Effect of Monthly, High-Dose, Long-Term Vitamin D on Lung Function: A Randomized Controlled Trial.

23 May 2018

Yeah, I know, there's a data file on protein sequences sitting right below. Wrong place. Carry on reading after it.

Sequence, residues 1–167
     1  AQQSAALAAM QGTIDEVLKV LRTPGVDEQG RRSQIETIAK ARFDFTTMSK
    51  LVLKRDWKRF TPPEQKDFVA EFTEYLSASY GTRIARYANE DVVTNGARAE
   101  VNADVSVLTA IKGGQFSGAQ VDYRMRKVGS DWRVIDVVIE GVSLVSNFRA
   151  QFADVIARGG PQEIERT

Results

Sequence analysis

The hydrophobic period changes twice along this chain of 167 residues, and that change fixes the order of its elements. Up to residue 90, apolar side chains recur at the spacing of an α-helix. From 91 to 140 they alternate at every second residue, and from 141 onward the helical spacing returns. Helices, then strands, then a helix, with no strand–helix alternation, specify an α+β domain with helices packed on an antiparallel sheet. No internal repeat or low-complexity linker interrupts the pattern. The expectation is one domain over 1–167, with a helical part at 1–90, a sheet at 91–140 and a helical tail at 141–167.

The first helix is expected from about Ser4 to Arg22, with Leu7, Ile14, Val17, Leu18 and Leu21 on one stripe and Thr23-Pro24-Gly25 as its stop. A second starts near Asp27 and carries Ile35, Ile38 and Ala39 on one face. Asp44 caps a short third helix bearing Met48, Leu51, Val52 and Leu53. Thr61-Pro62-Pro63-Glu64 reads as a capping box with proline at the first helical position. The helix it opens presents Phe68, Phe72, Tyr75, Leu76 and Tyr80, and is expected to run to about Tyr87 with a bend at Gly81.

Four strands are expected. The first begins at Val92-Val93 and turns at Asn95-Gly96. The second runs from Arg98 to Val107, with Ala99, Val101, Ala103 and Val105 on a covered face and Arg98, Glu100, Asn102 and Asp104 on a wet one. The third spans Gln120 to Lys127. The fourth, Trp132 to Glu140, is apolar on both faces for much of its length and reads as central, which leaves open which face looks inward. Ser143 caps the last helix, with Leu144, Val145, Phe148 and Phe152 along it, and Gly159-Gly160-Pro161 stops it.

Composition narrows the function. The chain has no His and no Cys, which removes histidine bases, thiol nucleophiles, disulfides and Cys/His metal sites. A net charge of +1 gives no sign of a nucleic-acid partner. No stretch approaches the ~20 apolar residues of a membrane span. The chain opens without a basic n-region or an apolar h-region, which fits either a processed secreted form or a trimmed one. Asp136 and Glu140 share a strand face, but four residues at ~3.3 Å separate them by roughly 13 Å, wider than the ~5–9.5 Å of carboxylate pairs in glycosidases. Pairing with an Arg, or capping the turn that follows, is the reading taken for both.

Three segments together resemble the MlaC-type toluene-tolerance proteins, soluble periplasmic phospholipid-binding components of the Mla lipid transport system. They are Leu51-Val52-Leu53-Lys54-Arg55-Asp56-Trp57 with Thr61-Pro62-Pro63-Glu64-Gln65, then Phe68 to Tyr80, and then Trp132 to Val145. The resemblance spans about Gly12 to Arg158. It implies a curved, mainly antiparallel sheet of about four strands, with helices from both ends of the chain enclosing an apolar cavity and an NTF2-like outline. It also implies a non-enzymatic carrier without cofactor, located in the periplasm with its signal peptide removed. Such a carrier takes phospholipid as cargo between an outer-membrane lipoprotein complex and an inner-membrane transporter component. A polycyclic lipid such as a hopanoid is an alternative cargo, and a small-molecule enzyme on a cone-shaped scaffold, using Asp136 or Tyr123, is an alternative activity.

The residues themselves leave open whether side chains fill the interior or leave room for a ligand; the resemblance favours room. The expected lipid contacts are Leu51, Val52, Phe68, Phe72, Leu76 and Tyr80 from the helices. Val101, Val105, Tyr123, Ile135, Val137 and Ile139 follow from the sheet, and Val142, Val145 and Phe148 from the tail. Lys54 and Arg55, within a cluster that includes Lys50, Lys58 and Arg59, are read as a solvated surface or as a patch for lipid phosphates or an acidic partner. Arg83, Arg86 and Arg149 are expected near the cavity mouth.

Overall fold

Although observational studies suggest positive vitamin D-lung function associations, randomized trials are inconsistent. We examined effects of vitamin D supplementation on lung function. We recruited 442 adults (50-84 years, 58% male) into a randomized, double-blinded, placebo-controlled trial. Participants received, for 1.1 years (median; range = 0.9-1.5 years), either (1) vitamin D₃ 200,000 IU, followed by monthly 100,000 IU doses (n = 226); or (2) placebo monthly (n = 216). At baseline and follow-up, spirometry yielded forced expiratory volume in 1 s (FEV1; primary outcome). Mean (standard deviation) 25-hydroxyvitamin D increased from 61 (24) nmol/L at baseline to 119 (45) nmol/L at follow-up in the vitamin D group, but was unchanged in the placebo group. There were no significant lung function improvements (vitamin D versus placebo) in the total sample, vitamin D-deficient participants or asthma/chronic obstructive pulmonary disease (COPD) participants. However, among ever-smokers (n = 217), the mean (95% confidence interval) FEV1 increase in the vitamin D versus placebo was 57 (4, 109) mL (p = 0.03). FEV1 increases were larger among vitamin D-deficient ever-smokers (n = 54): 122 (8, 236) mL (p = 0.04). FEV1 improvements were largest among ever-smokers with asthma/COPD (n = 60): 160 (53, 268) mL (p = 0.004). Thus, vitamin D supplementation did not improve lung function among everyone, but benefited ever-smokers, especially those with vitamin D deficiency or asthma/COPD.